While we all know that stealing is bad (duh), and can have serious consequences both for victims and thieves, stealing from a law-and-order elected official is likely to turn out notably worse for the thief. At least, as the Chronicle reports, that is the case in the aftermath of the December 2015 theft of Supervisor Scott Wiener's cell phone.

On December 18, 2015, Wiener was standing on the corner of 16th and Valencia, smartphone in hand. It was at that time that a woman allegedly grabbed his phone and demanded $500 for its return. She was not alone. "I told them that, for $500, they could just keep the phone," he explained to San Francisco Magazine.

He convinced the phone-snatcher to accept $200, and she and her male accomplice walked to an ATM. "It was an opportunity to get them on video," Wiener told the magazine. "She said if I yelled or gestured to anybody she'd mace me and she showed me a black canister. She indicated one of the guys had a gun."

Wiener got his phone back, and both the woman accused of stealing it and the man she was with were arrested shortly thereafter. That's where the story mostly ended for the Supervisor, but definitely not for 40-year-old LaSonya Wells and her 20-year-old son Damian Wells.

Ms. Wells was soon charged with kidnapping for ransom, and faced the possibility of life in prison. “Like thousands of San Franciscans who have had their phones snatched, it’s upsetting — but it’s not the crime of the century,” Public Defender Jeff Adachi told the Chronicle. “To see an otherwise ordinary case suddenly be elevated to life in prison is positively medieval. The fact that the DA was willing to have a low-level, nonviolent woman die in prison is extremely troubling.”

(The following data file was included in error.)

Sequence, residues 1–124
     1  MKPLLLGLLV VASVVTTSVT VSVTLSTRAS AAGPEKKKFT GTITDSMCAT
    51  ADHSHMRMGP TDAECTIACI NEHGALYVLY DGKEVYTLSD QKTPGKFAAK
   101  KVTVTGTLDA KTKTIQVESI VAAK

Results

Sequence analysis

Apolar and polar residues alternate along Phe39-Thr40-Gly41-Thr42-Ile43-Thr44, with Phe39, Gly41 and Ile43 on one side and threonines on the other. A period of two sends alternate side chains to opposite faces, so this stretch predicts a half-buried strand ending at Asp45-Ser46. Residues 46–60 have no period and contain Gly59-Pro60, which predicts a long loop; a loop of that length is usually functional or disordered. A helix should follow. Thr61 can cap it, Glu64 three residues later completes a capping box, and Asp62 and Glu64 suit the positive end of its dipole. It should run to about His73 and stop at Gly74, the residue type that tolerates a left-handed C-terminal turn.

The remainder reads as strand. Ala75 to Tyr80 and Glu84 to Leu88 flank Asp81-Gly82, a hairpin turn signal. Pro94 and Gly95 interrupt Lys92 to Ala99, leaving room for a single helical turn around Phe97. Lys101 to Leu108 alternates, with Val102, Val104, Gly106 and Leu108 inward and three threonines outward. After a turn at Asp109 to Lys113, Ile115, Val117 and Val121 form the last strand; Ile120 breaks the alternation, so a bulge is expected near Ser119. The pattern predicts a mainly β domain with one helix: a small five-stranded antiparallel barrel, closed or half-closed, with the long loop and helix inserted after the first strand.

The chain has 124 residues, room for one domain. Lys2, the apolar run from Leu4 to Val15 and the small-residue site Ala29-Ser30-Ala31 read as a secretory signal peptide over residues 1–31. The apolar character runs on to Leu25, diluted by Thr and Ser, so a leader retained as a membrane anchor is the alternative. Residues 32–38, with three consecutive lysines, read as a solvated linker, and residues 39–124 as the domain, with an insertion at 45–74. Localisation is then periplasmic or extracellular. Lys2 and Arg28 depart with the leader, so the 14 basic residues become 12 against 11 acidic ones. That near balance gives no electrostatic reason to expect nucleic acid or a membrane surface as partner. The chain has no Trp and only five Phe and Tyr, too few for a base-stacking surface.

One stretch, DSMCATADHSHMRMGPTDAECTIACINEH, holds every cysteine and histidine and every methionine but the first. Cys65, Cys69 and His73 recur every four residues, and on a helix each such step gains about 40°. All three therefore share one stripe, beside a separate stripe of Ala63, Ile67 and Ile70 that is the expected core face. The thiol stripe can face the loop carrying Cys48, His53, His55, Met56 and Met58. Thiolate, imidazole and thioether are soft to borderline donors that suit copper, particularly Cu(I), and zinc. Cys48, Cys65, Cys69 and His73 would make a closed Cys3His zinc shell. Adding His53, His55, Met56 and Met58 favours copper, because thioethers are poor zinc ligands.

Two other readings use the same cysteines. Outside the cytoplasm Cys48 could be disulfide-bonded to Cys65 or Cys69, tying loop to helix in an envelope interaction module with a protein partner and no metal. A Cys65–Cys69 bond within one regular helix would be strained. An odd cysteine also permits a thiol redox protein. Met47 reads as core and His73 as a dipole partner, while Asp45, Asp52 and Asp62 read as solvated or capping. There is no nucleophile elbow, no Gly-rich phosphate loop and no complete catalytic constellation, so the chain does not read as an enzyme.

The Public Defender's office managed to get that charge dropped, but Ms. Wells, who's life spent battling depression, homelessness, domestic abuse, and substance abuse is touched upon by the paper, still faces two felony charges and two misdemeanor charges, including extortion and grand theft. If convicted, she will still likely spend many years in jail, which is prompting calls of prosecutorial overreach because of the victim in the case.

Back in December, Wiener told SF Mag that the theft of his phone was "not a very well-thought-out crime."

Now, as he prepares to testify in Wells' trial, set to begin August 26, Wiener simply says, "They committed a crime against me, they were apprehended, and they’re being prosecuted. I’m sure there will be a fair and just resolution."

The DA's office defends its initial charge of kidnapping for ransom as well, saying, that between January 2015 and July 2016, 13 robbery cases have included counts of kidnapping for ransom as well.

Previously: Supervisor Wiener Thwarts 'Not A Very Well-Thought-Out' Phone Theft